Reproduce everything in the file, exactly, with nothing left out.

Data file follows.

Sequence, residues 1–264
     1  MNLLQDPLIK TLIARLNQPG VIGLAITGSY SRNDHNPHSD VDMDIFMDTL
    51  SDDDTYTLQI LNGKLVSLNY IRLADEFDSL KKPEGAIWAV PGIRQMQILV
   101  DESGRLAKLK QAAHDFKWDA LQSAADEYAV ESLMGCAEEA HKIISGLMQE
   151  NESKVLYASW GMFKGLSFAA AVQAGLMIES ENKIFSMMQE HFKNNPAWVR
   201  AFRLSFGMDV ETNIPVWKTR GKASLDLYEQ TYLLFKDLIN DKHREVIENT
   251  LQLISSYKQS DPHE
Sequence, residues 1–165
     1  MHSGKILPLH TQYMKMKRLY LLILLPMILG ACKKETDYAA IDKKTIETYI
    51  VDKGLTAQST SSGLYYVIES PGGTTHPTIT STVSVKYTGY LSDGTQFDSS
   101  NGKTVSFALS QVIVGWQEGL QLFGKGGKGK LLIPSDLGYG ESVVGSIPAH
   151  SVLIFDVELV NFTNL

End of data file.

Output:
Sequence, residues 1–264
     1  MNLLQDPLIK TLIARLNQPG VIGLAITGSY SRNDHNPHSD VDMDIFMDTL
    51  SDDDTYTLQI LNGKLVSLNY IRLADEFDSL KKPEGAIWAV PGIRQMQILV
   101  DESGRLAKLK QAAHDFKWDA LQSAADEYAV ESLMGCAEEA HKIISGLMQE
   151  NESKVLYASW GMFKGLSFAA AVQAGLMIES ENKIFSMMQE HFKNNPAWVR
   201  AFRLSFGMDV ETNIPVWKTR GKASLDLYEQ TYLLFKDLIN DKHREVIENT
   251  LQLISSYKQS DPHE
Sequence, residues 1–165
     1  MHSGKILPLH TQYMKMKRLY LLILLPMILG ACKKETDYAA IDKKTIETYI
    51  VDKGLTAQST SSGLYYVIES PGGTTHPTIT STVSVKYTGY LSDGTQFDSS
   101  NGKTVSFALS QVIVGWQEGL QLFGKGGKGK LLIPSDLGYG ESVVGSIPAH
   151  SVLIFDVELV NFTNL